The Vote in the Philippines: Electing A Strongman

Issue Date October 2016
Volume 27
Issue 4
Page Numbers 124-34
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With a folksy style and tough-guy image, Philippine presidential candidate Rodrigo “Digong” Duterte promised to restore peace and order by any means necessary. Following his surprise victory in the May 2016 elections, Duterte has kept his word, launching the promised anti-drug campaign that saw nearly 1,800 extrajudicial killings within Duterte’s first seven weeks in office. Thirty years after the “people power” revolution against the Marcos dictatorship, Duterte’s victory represents a rupture in the liberal-democratic regime, and suggests that many Filipinos are willing to reject aspects of democracy they consider inconvenient or ineffective in exchange for Marcos-era “discipline” and stability.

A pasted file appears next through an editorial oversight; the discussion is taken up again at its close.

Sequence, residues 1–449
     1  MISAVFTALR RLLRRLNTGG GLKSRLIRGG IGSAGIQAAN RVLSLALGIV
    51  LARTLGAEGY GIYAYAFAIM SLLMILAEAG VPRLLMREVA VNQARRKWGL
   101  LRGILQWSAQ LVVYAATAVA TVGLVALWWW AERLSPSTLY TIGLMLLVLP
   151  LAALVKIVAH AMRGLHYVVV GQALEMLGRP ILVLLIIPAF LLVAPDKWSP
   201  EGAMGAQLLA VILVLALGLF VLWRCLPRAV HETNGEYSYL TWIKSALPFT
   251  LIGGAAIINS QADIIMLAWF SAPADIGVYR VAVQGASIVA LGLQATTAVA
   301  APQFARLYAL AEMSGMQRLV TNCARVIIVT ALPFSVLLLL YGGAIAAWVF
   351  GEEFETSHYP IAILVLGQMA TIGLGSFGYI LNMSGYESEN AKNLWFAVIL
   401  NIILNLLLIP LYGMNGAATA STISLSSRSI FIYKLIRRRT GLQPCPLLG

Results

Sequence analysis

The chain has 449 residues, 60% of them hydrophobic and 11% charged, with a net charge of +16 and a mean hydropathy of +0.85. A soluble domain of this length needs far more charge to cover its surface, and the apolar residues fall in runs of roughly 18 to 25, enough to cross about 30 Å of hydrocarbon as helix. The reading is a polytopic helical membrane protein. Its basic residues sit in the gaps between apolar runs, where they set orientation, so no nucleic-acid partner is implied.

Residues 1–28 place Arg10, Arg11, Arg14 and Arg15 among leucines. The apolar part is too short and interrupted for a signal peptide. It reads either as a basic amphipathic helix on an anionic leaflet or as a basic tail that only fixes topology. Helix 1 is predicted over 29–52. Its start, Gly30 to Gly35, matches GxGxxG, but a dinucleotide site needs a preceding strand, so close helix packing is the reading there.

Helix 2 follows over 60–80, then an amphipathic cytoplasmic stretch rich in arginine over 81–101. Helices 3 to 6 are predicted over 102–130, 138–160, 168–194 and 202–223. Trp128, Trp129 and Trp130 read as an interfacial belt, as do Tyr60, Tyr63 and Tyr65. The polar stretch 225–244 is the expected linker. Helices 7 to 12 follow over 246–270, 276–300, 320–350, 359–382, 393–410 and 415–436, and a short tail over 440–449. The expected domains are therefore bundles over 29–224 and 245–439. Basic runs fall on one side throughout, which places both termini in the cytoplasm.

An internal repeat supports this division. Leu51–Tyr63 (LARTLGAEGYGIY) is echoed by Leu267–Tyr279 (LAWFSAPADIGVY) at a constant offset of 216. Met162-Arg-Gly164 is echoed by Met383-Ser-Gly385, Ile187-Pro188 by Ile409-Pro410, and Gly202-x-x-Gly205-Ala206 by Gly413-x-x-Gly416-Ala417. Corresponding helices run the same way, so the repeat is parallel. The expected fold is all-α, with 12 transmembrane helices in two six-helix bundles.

About the Authors

Julio C. Teehankee

Julio C. Teehankee is full professor of political science and international studies and dean of the College of Liberal Arts at De La Salle University, Manila. He is also executive secretary of the Asian Political and International Studies Association (APISA).

View all work by Julio C. Teehankee

Mark R. Thompson

Mark R. Thompson is professor of politics at City University of Hong Kong.

View all work by Mark R. Thompson